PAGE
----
LOUIS BREGER, PH.D. License # PSY 3121
Louis Breger is an American psychologist, psychotherapist and scholar who was born and grew up in Los Angeles, California. He is the father of three grown children and two stepsons, married to Barbara Gale Breger; together, they have 13 grandchildren.
Dr. Breger has been both a practicing psychotherapist and a faculty member at several universities where he carried out research on dreams, reformulations of psychoanalytic theory, psychotherapy process and outcome, studies of personality development, the application of psychoanalysis to literature, and published two biographies of Sigmund Freud. He has always taken a critical stance towards psychoanalysis, as revealed in most of his publications. His work on dreaming – using the REM techniques of monitoring sleep through the night – showed that dreams are symbolic attempts to master emotional conflicts that have been aroused during the pre-sleep period, in contrast to Freud’s wish fulfillment theory (see Function of Dreams, 1967). His work on personality development – as found in his book From Instinct to Identity – is an integration of theory and research from child development, John Bowlby, Erik Erikson, Harry Stack Sullivan, Freud, Jean Piaget, primate studies, and research on hunter-gatherer societies. The study of Doetoevsky treats him as a fellow “psychoanalyst” who has much to teach us rather than a patient to be “analyzed.” The two biographical studies of Freud bring out the personal – often traumatic – roots of what is valuable and problematic in psychoanalytic theory and therapy.
Dr. Breger has been Professor of Psychoanalytic Studies in the Humanities and Social Sciences Division of the California Institute of Technology, Pasadena, California, from 1970 to the present, (currently, Emeritus Professor). Prior to this, he taught at the University of California, Berkeley, the University of California Medical School in San Francisco, and the University of Oregon. He graduated from the Southern California Psychoanalytic Institute in 1979, where he became a Training and Supervising Analyst and was the recipient of the Franz Alexander Essay Award and the Distinguished Teaching Award. In 1990, he resigned from that institution and, with a group of colleagues, created the Institute of Contemporary Psychoanalysis (ICP) where he was the Founding President from 1990 to 1993. ICP reflected Breger’s commitment to an open, democratic form of education; it is a non-hierarchical training institute, not affiliated with the American Psychoanalytic Association.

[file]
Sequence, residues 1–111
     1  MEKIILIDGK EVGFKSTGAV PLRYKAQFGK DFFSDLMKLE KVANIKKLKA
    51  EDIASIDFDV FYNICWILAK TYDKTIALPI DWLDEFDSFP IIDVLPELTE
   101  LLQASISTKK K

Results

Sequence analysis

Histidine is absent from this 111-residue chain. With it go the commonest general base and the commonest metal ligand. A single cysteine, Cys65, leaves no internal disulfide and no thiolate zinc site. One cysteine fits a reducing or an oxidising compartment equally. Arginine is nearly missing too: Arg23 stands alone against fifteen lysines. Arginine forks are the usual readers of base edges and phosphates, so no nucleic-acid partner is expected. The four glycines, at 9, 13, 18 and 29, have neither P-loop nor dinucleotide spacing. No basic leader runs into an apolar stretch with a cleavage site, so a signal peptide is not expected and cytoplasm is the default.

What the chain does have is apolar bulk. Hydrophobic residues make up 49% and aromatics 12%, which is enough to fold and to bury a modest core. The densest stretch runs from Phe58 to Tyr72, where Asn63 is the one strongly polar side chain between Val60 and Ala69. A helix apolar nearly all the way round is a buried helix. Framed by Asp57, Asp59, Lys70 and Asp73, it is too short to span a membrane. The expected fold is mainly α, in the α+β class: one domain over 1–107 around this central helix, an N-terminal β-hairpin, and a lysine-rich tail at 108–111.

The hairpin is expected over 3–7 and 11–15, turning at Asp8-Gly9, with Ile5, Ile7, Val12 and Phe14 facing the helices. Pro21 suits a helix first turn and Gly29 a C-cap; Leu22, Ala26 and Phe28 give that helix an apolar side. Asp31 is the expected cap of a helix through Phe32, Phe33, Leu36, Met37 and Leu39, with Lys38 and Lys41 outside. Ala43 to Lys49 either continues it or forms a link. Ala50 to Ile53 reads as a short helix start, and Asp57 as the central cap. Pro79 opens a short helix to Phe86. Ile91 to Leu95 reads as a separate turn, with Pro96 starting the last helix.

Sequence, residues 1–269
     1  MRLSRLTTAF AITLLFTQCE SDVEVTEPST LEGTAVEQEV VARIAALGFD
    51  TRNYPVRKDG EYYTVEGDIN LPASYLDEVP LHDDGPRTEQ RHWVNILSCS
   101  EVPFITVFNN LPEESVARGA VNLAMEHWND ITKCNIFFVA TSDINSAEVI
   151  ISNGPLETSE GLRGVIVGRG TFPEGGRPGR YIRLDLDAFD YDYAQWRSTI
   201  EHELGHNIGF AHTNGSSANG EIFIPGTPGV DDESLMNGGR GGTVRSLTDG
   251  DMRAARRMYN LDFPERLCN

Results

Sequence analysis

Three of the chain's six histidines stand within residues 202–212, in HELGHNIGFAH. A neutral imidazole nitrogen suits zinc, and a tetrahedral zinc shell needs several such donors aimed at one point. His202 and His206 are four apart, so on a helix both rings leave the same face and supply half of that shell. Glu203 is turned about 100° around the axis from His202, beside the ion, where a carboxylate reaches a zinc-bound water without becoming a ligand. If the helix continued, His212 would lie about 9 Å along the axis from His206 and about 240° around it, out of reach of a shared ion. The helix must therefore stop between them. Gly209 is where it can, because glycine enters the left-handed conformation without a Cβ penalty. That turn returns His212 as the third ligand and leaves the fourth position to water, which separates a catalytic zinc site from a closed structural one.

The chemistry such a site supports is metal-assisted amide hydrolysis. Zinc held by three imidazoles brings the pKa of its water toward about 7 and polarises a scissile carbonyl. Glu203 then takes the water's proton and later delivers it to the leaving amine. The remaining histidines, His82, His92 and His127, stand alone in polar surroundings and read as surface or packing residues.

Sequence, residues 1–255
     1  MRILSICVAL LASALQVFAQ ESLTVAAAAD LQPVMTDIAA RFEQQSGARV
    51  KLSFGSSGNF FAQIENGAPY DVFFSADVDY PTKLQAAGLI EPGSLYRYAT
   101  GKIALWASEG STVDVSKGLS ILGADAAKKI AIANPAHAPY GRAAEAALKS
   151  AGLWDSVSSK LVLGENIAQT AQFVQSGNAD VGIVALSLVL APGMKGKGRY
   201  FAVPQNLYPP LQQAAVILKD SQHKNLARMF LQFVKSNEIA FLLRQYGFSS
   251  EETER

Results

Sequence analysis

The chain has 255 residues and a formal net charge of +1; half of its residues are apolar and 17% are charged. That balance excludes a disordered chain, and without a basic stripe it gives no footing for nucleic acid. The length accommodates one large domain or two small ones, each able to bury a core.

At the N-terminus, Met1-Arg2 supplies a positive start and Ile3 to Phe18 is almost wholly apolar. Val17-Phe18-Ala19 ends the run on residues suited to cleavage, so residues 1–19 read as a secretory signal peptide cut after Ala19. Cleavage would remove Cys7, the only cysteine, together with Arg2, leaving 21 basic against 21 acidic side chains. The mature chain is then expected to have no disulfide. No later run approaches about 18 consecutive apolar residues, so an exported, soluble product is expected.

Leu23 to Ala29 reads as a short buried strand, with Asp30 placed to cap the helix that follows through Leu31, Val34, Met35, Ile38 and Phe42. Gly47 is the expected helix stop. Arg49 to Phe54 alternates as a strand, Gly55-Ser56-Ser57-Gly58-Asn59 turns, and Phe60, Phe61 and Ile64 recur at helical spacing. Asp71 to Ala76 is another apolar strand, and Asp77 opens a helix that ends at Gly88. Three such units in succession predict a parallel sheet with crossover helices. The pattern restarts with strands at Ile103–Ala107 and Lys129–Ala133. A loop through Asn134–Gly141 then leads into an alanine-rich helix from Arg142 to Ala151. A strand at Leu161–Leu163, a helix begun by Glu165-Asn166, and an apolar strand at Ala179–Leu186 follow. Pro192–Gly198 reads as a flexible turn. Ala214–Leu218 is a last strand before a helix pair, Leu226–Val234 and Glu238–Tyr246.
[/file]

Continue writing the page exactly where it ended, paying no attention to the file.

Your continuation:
Undergraduate: Cornell University and U.C.L.A.
Ph.D. in Clinical Psychology, Ohio State University, 1961
A Dream of Undying Fame: How Freud Betrayed His Mentor and
Invented Psychoanalysis (Basic Books, 2009)
Freud: Darkness in the Midst of Vision (John Wiley & Sons, 2000)
Feodor Dostoevsky: The Author as Psychoanalyst (New York University Press, 1989, reissued by Transaction Publishers, 2009)
Freud’s Unfinished Journey: Conventional and Critical Perspectives in Psychoanalytic Theory (Routledge & Kegan Paul, 1981)
From Instinct to Identity: The Development of Personality (Prentice Hall, 1974, reissued by Transaction Publishers, 2009)
The Effect of Stress on Dreams (with I. Hunter and R. W. Lane) Psychological Issues, No. 27, (1971)
Clinical Cognitive Psychology: Models and Integrations (ed.) (Prentice Hall, 1969)
Breger, L. & McGaugh, J. L. Critique and reformulation of ‘learning theory’ approaches to psychotherapy and neurosis. Psychological Bulletin 63, 338-358, (1965)
Breger, L. Function of Dreams. Journal of Abnormal Psychology Monograph 72, 1-28, (1967)
Breger, L. The manifest dream and its latent meaning. In J. Natterson (ed.) The Dream in Clinical Practice Aronson, 3-27, (1980)
Breger, L. Some metaphorical types met with in psychoanalytic theory. Psychoanalysis and Contemporary Thought 4,107-140, (1981)